Even if these issues were resolved, the problem remains that, in the absence of a mechanistic model of the relevant brain function, each tES intervention might be valid only for the individuals and conditions on which the algorithms were trained; other conditions or users might require different control policies. We therefore suspect that improved technology alone will not be sufficient.

Instead, we suggest that the next step should be the development of tractable models of brain dynamics that predict the outcome of particular interventions and help select the desired outcome for specific goals. Producing useful models of brain function is no simple task, but the goal should not be to produce a detailed account of the underlying biology. We simply need to capture interactions between the relevant brain signals and tES. For example, a simple mathematical model of coupled oscillators [15] (Fig 3A) provided insight into the often unintuitive interaction between an oscillator with its own dynamics (such as the brain) and an external input that also oscillates (the stimulation). That model has only a few free parameters and requires less than a second to simulate with a standard laptop. Indeed, it is not much more complicated than the furnace example of Fig 2. Nevertheless, it qualitatively reproduced the full range of tACS’s effects on neural activity (Fig 3B), including several categorically different regimes.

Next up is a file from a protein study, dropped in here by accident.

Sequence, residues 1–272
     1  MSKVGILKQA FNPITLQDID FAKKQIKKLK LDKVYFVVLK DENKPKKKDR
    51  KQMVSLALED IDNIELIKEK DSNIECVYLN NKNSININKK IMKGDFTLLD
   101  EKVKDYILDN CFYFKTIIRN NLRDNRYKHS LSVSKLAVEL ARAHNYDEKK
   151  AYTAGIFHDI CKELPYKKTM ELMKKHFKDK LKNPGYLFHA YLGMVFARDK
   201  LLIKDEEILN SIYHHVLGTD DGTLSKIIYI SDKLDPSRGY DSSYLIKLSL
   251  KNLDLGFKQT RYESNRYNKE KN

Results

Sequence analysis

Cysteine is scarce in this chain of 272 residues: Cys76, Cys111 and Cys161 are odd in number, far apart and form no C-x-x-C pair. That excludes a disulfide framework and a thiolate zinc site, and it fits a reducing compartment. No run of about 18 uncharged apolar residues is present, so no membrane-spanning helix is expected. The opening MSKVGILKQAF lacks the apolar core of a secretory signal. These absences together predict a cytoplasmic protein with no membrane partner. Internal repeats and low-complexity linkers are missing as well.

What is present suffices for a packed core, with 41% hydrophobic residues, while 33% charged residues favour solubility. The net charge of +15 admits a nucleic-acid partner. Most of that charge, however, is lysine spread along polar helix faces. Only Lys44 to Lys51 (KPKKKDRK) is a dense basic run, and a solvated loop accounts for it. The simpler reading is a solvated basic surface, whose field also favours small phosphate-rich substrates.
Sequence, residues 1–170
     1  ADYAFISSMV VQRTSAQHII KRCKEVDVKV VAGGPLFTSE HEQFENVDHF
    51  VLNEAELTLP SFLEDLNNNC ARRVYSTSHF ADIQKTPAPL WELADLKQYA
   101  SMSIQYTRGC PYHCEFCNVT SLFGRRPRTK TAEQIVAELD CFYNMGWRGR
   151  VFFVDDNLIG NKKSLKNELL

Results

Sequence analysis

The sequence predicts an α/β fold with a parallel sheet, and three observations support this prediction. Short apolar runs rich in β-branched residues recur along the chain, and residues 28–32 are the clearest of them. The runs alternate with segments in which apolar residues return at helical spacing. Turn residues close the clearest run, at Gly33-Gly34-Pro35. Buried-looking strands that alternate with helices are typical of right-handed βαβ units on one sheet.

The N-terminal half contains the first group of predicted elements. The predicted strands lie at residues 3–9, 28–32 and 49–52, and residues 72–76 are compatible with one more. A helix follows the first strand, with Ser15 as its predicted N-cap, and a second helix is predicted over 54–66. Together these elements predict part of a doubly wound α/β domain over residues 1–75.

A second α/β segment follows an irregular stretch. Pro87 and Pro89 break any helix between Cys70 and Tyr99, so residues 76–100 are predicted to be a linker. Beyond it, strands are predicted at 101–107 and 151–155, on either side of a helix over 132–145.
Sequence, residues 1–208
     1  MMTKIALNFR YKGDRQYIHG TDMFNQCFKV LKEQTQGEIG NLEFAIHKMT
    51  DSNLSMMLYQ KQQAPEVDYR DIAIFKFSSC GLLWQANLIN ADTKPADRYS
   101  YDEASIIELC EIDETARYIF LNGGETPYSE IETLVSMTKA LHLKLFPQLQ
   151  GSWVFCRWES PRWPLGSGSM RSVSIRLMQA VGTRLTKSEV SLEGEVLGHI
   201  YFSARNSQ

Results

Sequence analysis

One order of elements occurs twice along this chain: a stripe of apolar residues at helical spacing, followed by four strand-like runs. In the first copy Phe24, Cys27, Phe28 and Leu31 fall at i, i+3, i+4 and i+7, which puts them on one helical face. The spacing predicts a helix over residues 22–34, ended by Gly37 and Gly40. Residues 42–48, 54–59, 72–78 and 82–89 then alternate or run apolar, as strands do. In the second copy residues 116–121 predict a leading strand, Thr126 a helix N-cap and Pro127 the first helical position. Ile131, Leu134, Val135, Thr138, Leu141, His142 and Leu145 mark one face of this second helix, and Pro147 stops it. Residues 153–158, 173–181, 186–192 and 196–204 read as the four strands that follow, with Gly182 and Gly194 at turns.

Fig 3. Simple oscillator models can account for the varied effects of tES.

(A) The Stuart–Landau oscillator model consists of 2 interacting populations, much like the sensor-furnace model in Fig 2. Without external stimulation, the model oscillates continuously at a fixed frequency and amplitude (top). Applying a sinusoidal input to one population can increase (middle) or decrease (bottom) the oscillation’s amplitude, depending on the strength of the ongoing oscillation. See [12,27] for more details. (B) Interactions between the stimulation intensity and frequency relative to the ongoing oscillation can therefore generate a multitude of outcomes (left). The same pattern is evident in our neural data (right), where some combinations (a) increase entrainment between spikes and the EEG (b) decrease it, or (c) have no effect in that frequency range. Panel B adapted from [14]. EEG, electroencephalogram; tES, Transcranial electrical stimulation.